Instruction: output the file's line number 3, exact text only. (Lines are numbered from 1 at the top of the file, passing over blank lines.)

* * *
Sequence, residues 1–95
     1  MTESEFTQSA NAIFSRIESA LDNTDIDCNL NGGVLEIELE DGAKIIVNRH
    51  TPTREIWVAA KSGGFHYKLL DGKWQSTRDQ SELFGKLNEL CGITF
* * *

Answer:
    51  TPTREIWVAA KSGGFHYKLL DGKWQSTRDQ SELFGKLNEL CGITF